The underreported efforts of the Soviet space program
HOW'S this for a lead item in the nightly news? Two workers on an orbiting space station await visitors from Earth when ground monitors discover one of the workers may have a heart problem. Unexpectedly, a visitor has to take that worker's place. Meanwhile, the world's biggest land- resource/ocean-survey satellite goes into orbit. Ground control teams have to inaugurate the new satellite and bring the ailing worker safely home. That's what happened during the last week of July in the Soviet space program. But, except for a few obscure items, you haven't heard much about it in the American media. Had this involved American astronauts and American satellites, it would have made the front pages and prime-time network news.
After the Challenger accident, American media were highly self-critical of their failure to keep the public informed about the problems within the United States space program. They are falling down just as badly in reporting the Soviet competition.
There have been some general assessments pointing up the fact that the Soviets have developed a formidable capacity in all aspects of manned and unmanned spaceflight. But there is little news reporting of the specific accomplishments that demonstrate this Soviet prowess.
It's a professional scandal. Not only does this neglect prevent the American people from developing an important perspective from which to view US space goals, it deprives them of some high drama.
For example, on March 31, a Soviet launch crew sent up Kvant - an astronomical observatory - to dock with the Soviet Mir space station. Disaster threatened when something prevented the craft from latching firmly to the docking port.
Yuri Romanenko and Alexander Laveikin - the Mir crew - took a 3-hour, 30-minute spacewalk April 12 (Cosmonautics Day) and fixed the problem. Guided by mission controllers in a somewhat risky operation, they removed what appeared to be a plastic bag that had blocked the latching. It was Laveikin, by the way, who was brought home July 30 for medical reasons.
Some news people might argue that it is hard to report even such spectacular events, let alone routine operations, in the secretive Soviet space program. That's a cop-out. The Soviets are secretive about many things, including their arms control strategy, about which there's plenty of reporting. When American news organizations can't get facts directly from Soviet sources, they go to knowledgeable Western sources. They develop their own expertise as well.
They could do the same for the Soviet space program, especially since the Soviets are now more forthcoming about its civilian aspects. If specialized magazines such as Aviation Week & Space Technology or the British journal Spaceflight can publish detailed reports of many aspects of Soviet space activity, so can general news media, if they are willing to work at it.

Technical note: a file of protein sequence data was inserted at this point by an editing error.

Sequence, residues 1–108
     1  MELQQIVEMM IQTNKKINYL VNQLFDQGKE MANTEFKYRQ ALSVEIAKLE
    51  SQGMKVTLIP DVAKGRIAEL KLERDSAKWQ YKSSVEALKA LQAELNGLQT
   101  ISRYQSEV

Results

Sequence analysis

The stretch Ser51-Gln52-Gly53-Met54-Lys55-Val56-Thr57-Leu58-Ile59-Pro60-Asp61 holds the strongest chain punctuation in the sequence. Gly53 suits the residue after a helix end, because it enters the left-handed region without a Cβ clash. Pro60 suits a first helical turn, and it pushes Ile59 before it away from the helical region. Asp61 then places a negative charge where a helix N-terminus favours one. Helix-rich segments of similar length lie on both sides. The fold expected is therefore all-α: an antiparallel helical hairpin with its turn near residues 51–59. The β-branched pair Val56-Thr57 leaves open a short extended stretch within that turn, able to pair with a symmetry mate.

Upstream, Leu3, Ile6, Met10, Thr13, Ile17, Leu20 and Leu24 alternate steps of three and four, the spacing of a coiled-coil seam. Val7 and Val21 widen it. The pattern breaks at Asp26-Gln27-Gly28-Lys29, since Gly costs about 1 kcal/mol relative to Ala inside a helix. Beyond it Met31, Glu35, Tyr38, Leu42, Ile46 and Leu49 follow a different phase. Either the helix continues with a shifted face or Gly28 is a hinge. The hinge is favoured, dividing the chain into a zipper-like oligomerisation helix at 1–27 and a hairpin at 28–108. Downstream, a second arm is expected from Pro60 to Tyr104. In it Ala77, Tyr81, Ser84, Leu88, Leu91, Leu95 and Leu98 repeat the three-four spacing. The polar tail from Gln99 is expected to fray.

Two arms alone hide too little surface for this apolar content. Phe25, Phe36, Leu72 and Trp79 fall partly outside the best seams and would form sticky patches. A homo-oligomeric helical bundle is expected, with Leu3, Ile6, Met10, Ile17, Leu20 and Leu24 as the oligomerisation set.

The Soviets had full-scale models of the Mir and Kvant at the Paris Air Show. They have brochures of their Proton rocket, which they are offering as a commercial launch service. Western analysts have made extensive assessments of that rocket's performance. The recent United States tour of a Soviet Proton sales delegation would have been an ideal news peg for a thorough report on Soviet launch capabilities. But while there has been extensive coverage and analysis of Soviet arms control positions, there has been nothing comparable to inform people of Soviet commercial space maneuvering, including the effort to rent experimental facilities on the Mir station.
As for the Soviet space science program, in which many of America's Western allies are beginning to take part, there is abundant information available in the West. Yet where was the news media interest when American and Soviet space scientists discussed their hopes and plans in an unprecedented four-hour teleconference between Boulder, Colo., and Moscow last month? Only specialist reporters, such as this columnist, were there.
The sad fact is that mainline news media have a ``ho hum'' attitude toward the Soviet space program. Their Moscow correspondents concentrate on politics and economics. Their editors and producers have a similar focus.
They likewise considered the United States' space program ``a big yawn'' (to quote one editor) before the Challenger accident highlighted that program's political and economic importance. They should realize that Soviet space prowess is a political fact that deserves continuous coverage.
A Tuesday column. Robert C. Cowen is the Monitor's natural science editor.